How to handle an injury
For some it’s instantaneous, for others a long, drawn out affair. Either way, injuries can put your triathlon season on hold. Unfortunately injuries are a part of training and learning how to avoid them, and what to do if you are hurt can make the difference between a great season and what could have been.
Let’s start with the best way to treat an injury, avoidance. Injuries caused by accidents, a turned ankle or bike accident, can’t be helped, but others can. Pulled muscles are a much greater risk if you are dehydrated or not properly warmed up. Proper technique in the weight room and in the pool are critical to avoid over-stressing a joint or muscle. Piling on extra miles because it’s your first outdoor workout, or you “just felt good” may leave you stricken the next day. Consistent training requires you to listen to your body and do the little things properly in order to stay healthy. Preventive care is your first line of defense.
But just in case you couldn’t help it and tagged along with your buddies for an epic day and now you have a twinge in your calf, let’s discuss your options. First, you can do what many do and that is pretend it will just go away. This strategy has it’s roots in the belief that somehow your body is different and despite medical knowledge to the contrary, exercising the injury is actually good for you. I also call this the “Rocky Effect”. This strategy is further confirmation of the poor judgment that got you to this point. The better option is to pull back the training. No matter where you are in the season, this is a must. Continuing to train through the pain can often times lead to another injury. Your body will need to compensate in some way for the lack of fluid motion. That overload of stress can lead to another injury and create a new muscle firing pattern. When the knee hurts, your gait changes. When your gait changes new joint and muscles have to carry the load. That may lead to another issue.
Next you need to decide on treatment for the injury. For some, it may be a simple matter of resting. Other, usually more traumatic injuries will require outside treatment. Again, somehow this eludes many athletes. They worry about missing two or three days of workouts. The big picture is that if you don’t seek immediate help, your down time may double or triple. Even if you can get the workouts in the quality suffers and you are left with good numbers for your log, but no real training effect. A general rule I have for athletes and myself is that on the day I feel no pain and think I could get back into training, I take one more day. It is worth it to miss one more day of training in order to increase my chances of remaining healthy.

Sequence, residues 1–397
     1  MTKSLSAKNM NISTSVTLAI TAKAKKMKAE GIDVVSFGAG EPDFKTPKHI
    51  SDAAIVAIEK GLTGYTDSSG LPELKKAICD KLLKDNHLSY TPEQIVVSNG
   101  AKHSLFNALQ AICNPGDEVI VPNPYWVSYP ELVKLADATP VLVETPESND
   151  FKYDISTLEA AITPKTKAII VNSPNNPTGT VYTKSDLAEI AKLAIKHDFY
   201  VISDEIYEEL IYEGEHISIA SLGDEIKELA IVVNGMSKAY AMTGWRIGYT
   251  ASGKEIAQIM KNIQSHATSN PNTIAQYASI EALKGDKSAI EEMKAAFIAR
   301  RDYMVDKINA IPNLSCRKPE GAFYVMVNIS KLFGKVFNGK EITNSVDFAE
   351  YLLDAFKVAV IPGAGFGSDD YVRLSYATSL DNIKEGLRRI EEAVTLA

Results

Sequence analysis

Some injuries are recurring no matter what. Those lingering issues we all deal with due to the nature of training. For some it’s a bad shoulder, for others it’s the knee. With these niggles and pains the goal is minimization. Over time you should learn what aggravates your condition, and what methods are best for treatment. With that knowledge you then need to make smart decisions. If you have a rest day coming up you may be able to get away with pushing the limit. On the other hand when you are in the middle of a large block of training you probably need to stay well within the envelope.
I hope that you never have to put this information in action, but the truth is that it is practically unavoidable. In triathlon, consistency is the key, and remaining healthy is the key to consistency. When stricken with an injury you need to make good decisions, be rational and you’ll get back to your training quickly.